"So my question is, in general, how many different flavors of carcinogens are there?"
As mentioned in the comments, almost all carcinogens act by damaging DNA. In general there are three ways to do this:
Alkylation, a good example is pyridine. These compounds covalently modify the DNA and either cause a mutation by misincorporation during DNA replication (where the wrong base is incorporated across from the alkylated base), or by generation of double strand breaks during DNA replication that result in a mutations during the repair process (the details of which are not in-scope here).
Intercalation, my favourite example being ethidium bromide. These compounds literally insert themselves between the bases of the double helix, where they cause "fork collapse" during DNA replication, and the ensuing repair process mutates the DNA.
Ionization through radicals. Yes, carcinogens can generate radicals that will generate DNA damage. A good example is doxorubicin, which is a highly effective chemotherapeutic, but also a carcinogen in its own right. Some heavy metals can also generate radicals under the right circumstances. These compounds typically oxidize the bases of DNA, and result in broad misincorporation during DNA replication. Radicals can also result in breakage of the phosphodiester backbone, which cause mutations during repair. This mechanism is taken advantage of in some methods for studying the primary and secondary structure of RNA molecules, and in "foot printing" methods. Incidentally, it is this mechanism of carcinogenesis that causes antioxidants to be associated with the prevention of cancer. Compounds like vitamin C soak up the radicals generated by the carcinogen (or radiation), thereby preventing the damage from occurring.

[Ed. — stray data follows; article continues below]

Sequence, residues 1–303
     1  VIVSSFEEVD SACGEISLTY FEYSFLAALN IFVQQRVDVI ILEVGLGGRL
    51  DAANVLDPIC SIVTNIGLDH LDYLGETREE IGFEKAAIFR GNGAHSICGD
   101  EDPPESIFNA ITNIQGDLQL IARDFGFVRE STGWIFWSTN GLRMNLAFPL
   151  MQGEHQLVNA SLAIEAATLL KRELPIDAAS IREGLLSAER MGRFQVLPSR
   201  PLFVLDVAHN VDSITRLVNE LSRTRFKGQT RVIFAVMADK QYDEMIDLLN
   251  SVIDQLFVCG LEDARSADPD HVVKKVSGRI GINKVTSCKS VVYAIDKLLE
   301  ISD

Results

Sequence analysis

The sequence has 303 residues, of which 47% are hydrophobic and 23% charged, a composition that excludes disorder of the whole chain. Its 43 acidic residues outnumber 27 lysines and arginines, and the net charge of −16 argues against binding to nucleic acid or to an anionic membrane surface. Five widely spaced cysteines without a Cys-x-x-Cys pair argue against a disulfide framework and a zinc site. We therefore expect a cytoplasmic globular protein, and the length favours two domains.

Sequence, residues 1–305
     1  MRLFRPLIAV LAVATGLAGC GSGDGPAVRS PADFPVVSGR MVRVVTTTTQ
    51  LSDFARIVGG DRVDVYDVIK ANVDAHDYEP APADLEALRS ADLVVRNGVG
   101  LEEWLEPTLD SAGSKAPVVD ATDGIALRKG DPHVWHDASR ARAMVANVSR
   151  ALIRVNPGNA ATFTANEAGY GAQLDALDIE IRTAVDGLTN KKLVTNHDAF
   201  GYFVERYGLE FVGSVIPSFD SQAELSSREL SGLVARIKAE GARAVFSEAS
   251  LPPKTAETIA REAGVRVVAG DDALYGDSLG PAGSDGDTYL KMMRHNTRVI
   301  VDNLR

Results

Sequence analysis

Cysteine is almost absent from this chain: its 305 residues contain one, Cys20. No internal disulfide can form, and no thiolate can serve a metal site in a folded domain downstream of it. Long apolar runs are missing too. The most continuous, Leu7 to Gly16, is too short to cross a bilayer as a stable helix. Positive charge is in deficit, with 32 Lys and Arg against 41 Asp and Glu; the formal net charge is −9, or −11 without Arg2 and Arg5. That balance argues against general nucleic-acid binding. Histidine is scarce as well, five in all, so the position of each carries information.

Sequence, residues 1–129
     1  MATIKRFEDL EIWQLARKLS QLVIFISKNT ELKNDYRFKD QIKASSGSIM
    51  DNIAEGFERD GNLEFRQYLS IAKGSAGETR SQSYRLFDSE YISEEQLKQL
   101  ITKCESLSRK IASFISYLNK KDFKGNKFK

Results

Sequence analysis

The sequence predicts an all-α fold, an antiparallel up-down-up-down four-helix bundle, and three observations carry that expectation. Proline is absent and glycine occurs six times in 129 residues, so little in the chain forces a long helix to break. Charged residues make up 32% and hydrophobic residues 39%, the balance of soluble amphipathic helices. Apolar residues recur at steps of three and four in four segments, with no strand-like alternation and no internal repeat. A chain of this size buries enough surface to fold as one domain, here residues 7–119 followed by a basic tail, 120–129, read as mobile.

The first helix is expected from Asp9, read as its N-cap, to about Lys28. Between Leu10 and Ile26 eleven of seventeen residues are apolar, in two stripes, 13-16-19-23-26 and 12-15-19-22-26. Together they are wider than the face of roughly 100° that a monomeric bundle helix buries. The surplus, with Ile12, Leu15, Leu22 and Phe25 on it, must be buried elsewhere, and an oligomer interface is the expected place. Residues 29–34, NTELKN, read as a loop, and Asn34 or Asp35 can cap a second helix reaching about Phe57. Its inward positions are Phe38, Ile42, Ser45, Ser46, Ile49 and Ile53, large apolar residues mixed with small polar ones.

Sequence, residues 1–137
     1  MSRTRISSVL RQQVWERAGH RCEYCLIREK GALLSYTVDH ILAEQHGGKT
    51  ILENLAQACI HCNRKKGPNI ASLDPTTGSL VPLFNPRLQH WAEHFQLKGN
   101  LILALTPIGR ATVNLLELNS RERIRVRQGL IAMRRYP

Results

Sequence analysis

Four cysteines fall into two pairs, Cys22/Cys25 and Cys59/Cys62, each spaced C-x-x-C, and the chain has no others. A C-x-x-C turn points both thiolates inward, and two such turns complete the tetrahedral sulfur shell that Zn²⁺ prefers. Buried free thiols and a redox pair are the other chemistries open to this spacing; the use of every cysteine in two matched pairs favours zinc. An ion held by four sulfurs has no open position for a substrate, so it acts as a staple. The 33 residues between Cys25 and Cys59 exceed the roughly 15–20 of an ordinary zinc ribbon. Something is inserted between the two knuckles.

An interesting point: pyrimidine dimers, which are generated whenever you get a sunburn, are a carcinogenic form of DNA damage somewhere between the ionization and alkylation mechanisms. UV light induces a redox reaction that results in covalent linkage of two neighboring pyrimidines. A dedicated repair process can cause a mutation at the site of the dimer.
However, the take home point is that the DNA damage itself is not usually the mechanism of mutation! Mutation occurs when the damage is repaired, either as part of a dedicated repair process, or by (non)homologous recombination after a stall in DNA replication.
I hope this answers your question. It is a complicated subject, and I doubt I covered everything here.